SFF, Short stories

“The Tree of Life in Lisbon”

lsqMy latest short story is out! “The Tree of Life in Lisbon” is free to read over at Luna Station Quarterly. It’s a fantasy story about what happens after the Garden of Eden – more gardening, basically, and golems and apples and earthquakes. So much of my recent writing has been science-based that it feels almost strange to dip back into fantasy for a while.

“You are turning into a shut-in,” said the Golem. “It is unbecoming.”

“It’s not a flaw to appreciate the comforts of home,” said Eve. “And travelling is so tiresome. It’s barely been two centuries since the last move. You cannot be bored yet.”

“I could never be bored with you,” said the Golem, honey-tongued and reproachful at once. “I lack the capacity.”

“I know,” said Eve, who had carved lack of imagination into his tongue, who would not see the same mistake made twice. “You should be grateful for that.”

“I am not grateful,” said the Golem. “And I am not bored. You have not left this garden for decades. I am disturbed.”

“I’ve no reason to leave,” said Eve. “I like it here.”

“I am disturbed,” said the Golem again. Eve heaved a sigh, and with her little carving knife sliced silence into the skin of a sweet, plump little grape and fed it to him, letting herself bask in the quiet. And the Golem did not speak and he did not nag, did not try to convince her to go out to market or to the hairdressers, to the puppet shows or the street musicians. The Golem was used to silence, had been fed it with olives and rose-water and seed pods, the muddy taste of mangroves, and he held the grape carefully on his tongue, carefully between jaws of clay, and waited to be told to spit it out.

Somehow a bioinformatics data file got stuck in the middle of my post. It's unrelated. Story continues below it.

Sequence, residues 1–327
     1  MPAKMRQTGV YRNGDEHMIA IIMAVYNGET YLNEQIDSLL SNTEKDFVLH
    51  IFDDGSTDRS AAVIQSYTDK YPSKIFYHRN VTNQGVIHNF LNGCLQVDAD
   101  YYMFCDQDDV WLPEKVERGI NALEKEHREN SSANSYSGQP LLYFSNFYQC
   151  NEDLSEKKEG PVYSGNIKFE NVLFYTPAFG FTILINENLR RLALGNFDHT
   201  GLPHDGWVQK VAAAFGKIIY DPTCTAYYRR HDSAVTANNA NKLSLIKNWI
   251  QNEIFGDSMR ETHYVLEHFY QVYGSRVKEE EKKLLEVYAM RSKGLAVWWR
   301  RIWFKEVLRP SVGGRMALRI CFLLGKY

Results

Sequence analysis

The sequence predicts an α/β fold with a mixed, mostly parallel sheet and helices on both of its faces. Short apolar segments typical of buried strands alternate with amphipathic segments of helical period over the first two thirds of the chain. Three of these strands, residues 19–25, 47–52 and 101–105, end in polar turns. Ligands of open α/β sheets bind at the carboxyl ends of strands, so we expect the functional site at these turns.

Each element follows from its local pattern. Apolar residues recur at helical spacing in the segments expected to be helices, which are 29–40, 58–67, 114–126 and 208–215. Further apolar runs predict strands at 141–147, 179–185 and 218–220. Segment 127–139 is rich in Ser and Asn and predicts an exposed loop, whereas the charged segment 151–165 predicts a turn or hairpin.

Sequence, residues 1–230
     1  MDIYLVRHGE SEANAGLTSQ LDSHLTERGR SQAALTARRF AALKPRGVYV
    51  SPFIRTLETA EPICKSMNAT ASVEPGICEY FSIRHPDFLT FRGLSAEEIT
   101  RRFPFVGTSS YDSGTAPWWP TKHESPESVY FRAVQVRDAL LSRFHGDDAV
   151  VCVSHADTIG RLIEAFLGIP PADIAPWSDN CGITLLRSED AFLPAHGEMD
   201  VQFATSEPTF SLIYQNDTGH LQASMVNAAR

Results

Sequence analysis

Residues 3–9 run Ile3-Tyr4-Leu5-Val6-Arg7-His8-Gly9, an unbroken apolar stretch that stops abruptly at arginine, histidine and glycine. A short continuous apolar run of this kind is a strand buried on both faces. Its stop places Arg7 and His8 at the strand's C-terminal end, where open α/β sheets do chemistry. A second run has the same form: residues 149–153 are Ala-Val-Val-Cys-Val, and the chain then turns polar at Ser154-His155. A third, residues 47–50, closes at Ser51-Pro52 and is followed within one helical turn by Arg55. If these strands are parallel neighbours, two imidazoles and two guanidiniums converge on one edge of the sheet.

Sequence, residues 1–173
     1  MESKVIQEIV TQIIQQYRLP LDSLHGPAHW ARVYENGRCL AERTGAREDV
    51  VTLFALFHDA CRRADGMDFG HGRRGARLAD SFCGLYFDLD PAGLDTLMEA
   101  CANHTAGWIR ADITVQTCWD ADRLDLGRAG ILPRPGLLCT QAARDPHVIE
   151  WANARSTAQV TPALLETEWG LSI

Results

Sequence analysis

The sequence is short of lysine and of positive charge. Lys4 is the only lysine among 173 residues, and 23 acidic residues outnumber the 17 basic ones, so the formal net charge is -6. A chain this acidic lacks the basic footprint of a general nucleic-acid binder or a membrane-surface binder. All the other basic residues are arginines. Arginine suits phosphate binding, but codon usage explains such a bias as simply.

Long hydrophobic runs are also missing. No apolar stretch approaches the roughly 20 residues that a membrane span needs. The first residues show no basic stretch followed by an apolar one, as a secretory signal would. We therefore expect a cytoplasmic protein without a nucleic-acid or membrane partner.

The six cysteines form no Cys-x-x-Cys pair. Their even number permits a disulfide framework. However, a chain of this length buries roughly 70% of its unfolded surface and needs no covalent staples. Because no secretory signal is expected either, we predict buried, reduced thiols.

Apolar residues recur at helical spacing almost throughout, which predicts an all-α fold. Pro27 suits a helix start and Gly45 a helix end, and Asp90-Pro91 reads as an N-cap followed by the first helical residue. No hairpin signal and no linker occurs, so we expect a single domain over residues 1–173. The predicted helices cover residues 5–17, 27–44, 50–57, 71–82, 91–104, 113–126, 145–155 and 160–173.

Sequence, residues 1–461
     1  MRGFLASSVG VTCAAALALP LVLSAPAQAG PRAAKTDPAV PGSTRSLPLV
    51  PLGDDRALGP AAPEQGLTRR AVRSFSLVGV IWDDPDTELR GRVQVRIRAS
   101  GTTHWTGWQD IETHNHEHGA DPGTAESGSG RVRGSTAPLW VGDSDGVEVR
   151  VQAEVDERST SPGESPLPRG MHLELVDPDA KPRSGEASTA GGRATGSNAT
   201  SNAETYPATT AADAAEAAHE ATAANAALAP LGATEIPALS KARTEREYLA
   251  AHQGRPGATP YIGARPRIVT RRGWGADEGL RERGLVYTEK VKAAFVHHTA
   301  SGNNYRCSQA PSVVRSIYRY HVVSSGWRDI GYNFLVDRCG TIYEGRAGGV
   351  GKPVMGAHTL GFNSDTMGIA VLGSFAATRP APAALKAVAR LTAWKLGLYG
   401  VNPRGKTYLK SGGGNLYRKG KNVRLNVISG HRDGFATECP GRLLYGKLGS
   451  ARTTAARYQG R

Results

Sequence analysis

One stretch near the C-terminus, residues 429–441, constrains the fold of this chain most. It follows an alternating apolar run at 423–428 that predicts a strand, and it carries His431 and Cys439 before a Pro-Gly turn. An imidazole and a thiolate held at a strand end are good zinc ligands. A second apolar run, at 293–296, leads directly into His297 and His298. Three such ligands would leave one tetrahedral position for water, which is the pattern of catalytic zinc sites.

He was not capable of boredom, but Eve was.

Read more here!

SFF, Short stories

The Best of Luna Station Quarterly…

Last year, my short story “The Absence of Feathers” was published in Issue 17 of Luna Station Quarterly. And that was cool! But now, LSQ has put out an anthology: The Best of Luna Station Quarterly: The First Five Years. And happily, “The Absence of Feathers” is included, available for the first time in print.

Of course, it’s not just me. Fellow Kiwi authors A.J. Fitzwater (“The Woman With Flowers in Her Hair”) and A.C. Buchanan (“Built in a Day”) are also included. As are two of my favourite short story authors, Chikodili Emelumadu (“Tunbi”) and Penny Stirling (“Tanith’s Sky”). Stirling, by the way, is the author of one of the finest short stories I’ve ever read (“Love Over Glass, Skin Under Glass”, published in Aurealis if you’re interested, and you should be. You really should be.).

So if you’re interested in a whole lot of fantastic short speculative fiction by women, this might be the anthology for you! You can check it out here.